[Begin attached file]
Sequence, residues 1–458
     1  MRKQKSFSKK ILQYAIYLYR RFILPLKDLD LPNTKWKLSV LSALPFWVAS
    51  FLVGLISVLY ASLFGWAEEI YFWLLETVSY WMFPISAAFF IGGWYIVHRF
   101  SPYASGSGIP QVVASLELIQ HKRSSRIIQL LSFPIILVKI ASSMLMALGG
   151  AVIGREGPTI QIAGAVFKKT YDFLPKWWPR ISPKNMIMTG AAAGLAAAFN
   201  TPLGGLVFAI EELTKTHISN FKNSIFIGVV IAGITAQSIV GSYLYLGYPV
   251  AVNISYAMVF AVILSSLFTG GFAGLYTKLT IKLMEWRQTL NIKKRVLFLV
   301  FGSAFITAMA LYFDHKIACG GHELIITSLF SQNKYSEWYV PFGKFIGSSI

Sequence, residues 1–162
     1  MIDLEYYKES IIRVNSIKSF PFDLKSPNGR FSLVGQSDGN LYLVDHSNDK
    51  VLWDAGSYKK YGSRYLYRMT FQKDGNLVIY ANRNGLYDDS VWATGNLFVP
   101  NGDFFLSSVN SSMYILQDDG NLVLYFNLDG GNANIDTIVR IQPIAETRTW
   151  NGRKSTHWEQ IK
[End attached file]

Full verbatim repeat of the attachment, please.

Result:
Sequence, residues 1–458
     1  MRKQKSFSKK ILQYAIYLYR RFILPLKDLD LPNTKWKLSV LSALPFWVAS
    51  FLVGLISVLY ASLFGWAEEI YFWLLETVSY WMFPISAAFF IGGWYIVHRF
   101  SPYASGSGIP QVVASLELIQ HKRSSRIIQL LSFPIILVKI ASSMLMALGG
   151  AVIGREGPTI QIAGAVFKKT YDFLPKWWPR ISPKNMIMTG AAAGLAAAFN
   201  TPLGGLVFAI EELTKTHISN FKNSIFIGVV IAGITAQSIV GSYLYLGYPV
   251  AVNISYAMVF AVILSSLFTG GFAGLYTKLT IKLMEWRQTL NIKKRVLFLV
   301  FGSAFITAMA LYFDHKIACG GHELIITSLF SQNKYSEWYV PFGKFIGSSI

Sequence, residues 1–162
     1  MIDLEYYKES IIRVNSIKSF PFDLKSPNGR FSLVGQSDGN LYLVDHSNDK
    51  VLWDAGSYKK YGSRYLYRMT FQKDGNLVIY ANRNGLYDDS VWATGNLFVP
   101  NGDFFLSSVN SSMYILQDDG NLVLYFNLDG GNANIDTIVR IQPIAETRTW
   151  NGRKSTHWEQ IK